Monthly Archives: February 2016

UNDP’s Global 50th Anniversary

UNDP’s Global 50th AnniversaryToday, the United Nations Development Programme (UNDP) held a celebratory event at its Uzbekistan Country Office, recognizing the 50th Anniversary of the agency’s formation, and celebrating over twenty years of collaboration with national partners. Presentations of UNDP’s global and national work was followed with traditional Uzbekistan cuisine, and a discussion of future directions for national work.

In 1966 UNDP was established with a pledge to dedicate resources to eliminate development gaps and achieve global equality in standard of life, later encapsulated in the new millennia as the goal of Human Development. Over the last half-century UNDP has coordinated global efforts to limit hunger, disease, unemployment, gender inequality, infant mortality and environmental degradation, and address many other challenges on national, regional and global levels.

The last 15 years have seen an unprecedented effort by UNDP, fellow UN agencies, civil society and government partners around the globe to eradicate extreme poverty and its facets, and the Sustainable Development Goals will build on these core efforts with their intended achievement by 2030. Within a twenty-year period in Uzbekistan, UNDP has served as a vital resource aid speeding Uzbekistan’s growth and development, through addressing global and regional economic and environmental difficulties.

“In the last 50 years UNDP has been at the forefront of development debates (human development, MDGs, SDGs). It was also on the frontlines of helping countries to implement reforms and of coordinating the UN development system. In Uzbekistan we have been proud of our close relationship with Government, NGOs and the citizens of Uzbekistan for the last 23 years.”


To learn more about UNDP’s worldwide 50th Anniversary celebrations, visit the official global event and, and tweet #UNDP50 to spread the word! Visit to learn about our on-going initiatives, and keep an eye out for UNDP Uzbekistan’s upcoming 50th Anniversary publication.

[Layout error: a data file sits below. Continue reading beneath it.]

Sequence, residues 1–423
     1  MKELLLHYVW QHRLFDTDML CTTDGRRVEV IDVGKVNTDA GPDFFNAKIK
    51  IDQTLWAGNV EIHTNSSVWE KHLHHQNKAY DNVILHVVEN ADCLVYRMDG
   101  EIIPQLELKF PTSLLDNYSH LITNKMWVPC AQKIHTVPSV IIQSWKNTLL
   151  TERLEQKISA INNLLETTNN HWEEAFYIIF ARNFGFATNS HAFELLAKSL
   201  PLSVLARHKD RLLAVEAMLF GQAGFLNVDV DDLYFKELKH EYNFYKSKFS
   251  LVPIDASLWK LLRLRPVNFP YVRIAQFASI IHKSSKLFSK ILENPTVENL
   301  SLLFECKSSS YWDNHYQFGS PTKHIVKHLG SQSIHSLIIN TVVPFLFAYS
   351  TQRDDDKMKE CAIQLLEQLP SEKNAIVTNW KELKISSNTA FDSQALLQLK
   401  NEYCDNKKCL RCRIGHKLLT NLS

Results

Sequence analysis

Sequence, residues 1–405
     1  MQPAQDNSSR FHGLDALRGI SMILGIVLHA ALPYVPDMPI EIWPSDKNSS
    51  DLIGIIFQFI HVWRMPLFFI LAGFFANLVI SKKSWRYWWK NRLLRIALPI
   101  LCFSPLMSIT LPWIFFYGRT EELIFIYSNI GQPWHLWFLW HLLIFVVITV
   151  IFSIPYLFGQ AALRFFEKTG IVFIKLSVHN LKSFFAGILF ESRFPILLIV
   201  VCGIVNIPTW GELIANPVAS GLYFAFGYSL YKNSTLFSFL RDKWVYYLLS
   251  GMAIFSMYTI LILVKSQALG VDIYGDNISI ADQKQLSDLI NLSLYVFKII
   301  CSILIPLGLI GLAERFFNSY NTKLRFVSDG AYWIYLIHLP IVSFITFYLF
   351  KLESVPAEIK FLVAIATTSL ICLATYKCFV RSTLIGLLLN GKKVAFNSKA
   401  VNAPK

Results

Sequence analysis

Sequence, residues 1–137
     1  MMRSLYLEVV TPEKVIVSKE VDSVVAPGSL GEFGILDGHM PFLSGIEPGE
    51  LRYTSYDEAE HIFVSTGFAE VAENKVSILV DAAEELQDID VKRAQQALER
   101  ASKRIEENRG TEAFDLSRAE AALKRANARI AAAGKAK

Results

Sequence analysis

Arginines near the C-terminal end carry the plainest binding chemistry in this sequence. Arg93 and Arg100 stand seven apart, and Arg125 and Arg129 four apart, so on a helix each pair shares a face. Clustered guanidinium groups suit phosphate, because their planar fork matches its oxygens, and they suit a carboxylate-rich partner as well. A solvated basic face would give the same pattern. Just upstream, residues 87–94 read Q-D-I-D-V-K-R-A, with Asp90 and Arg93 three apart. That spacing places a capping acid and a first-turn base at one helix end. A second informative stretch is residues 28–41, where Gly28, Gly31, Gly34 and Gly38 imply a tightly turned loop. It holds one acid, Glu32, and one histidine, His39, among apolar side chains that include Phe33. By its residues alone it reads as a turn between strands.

The Secretary-General’s message on World Radio Day

World Radio Day 2016In times of crisis and emergency, radio can be a lifeline.

For people in shattered societies, or caught in catastrophe, or desperately seeking news, radio brings lifesaving information.

Radio can help in emergency response operations – and it can assist with rebuilding.

Through community radio, local people can raise their voices and be heard.

This year, as we start carrying out the Sustainable Development Goals, let us resolve to use radio for human progress.

In the lead-up to the World Humanitarian Summit this May, let us find ways for radio to do even more to help people in emergencies.

On this World Radio Day, let us resolve to prove that radio saves lives.


The Secretary-General’s message on World Cancer Day

World Cancer Day 2016World Cancer Day, always an opportunity to rally the world, has special impetus this year thanks to the recent adoption of the 2030 Agenda for Sustainable Development, which aims to usher in a life of dignity for all people.

The Sustainable Development Goals endorsed by all governments call for reducing by one third premature death from non-communicable diseases. This builds on an historic commitment made in 2011 by Heads of State. We are also guided by the Global Strategy for Women’s, Children’s and Adolescents’ Health, and the Every Woman Every Child movement behind it, which are working for stronger health systems, universal health care coverage and scaling up of life-saving interventions for comprehensive cancer prevention and control.

We must do more to end the many tragedies that cancer inflicts. About one third of cancers can be prevented, while others are curable if diagnosed and treated early. And even when cancer is advanced, patients should benefit from palliative care.

Cancer affects all countries, but those with fewer resources are hit hardest. Nothing illustrates this better than the burden of cervical cancer. The world’s poorest countries are home to more than 8 in 10 women newly diagnosed with cervical cancer, and 9 in 10 deaths from the disease.

While applauding the success of cervical cancer screening in many high-income countries, we have a responsibility to replicate this progress in low-income States, where cervical cancer remains one of the most common cancers among women.

Today, we have the knowledge, experience and tools to protect every woman, everywhere. Comprehensive cervical cancer prevention includes vaccines to protect girls against future infection with the human papilloma virus (HPV), screening measures and preventive treatment of pre-cancers.

Where a person lives should not determine if they develop a cancer or die from it. We must work together to eliminate cervical cancer as a public health issue and to reduce the burden that millions face from all cancers.

On World Cancer Day, let us resolve to end the injustice of preventable suffering from this disease as part of our larger push to leave no one behind.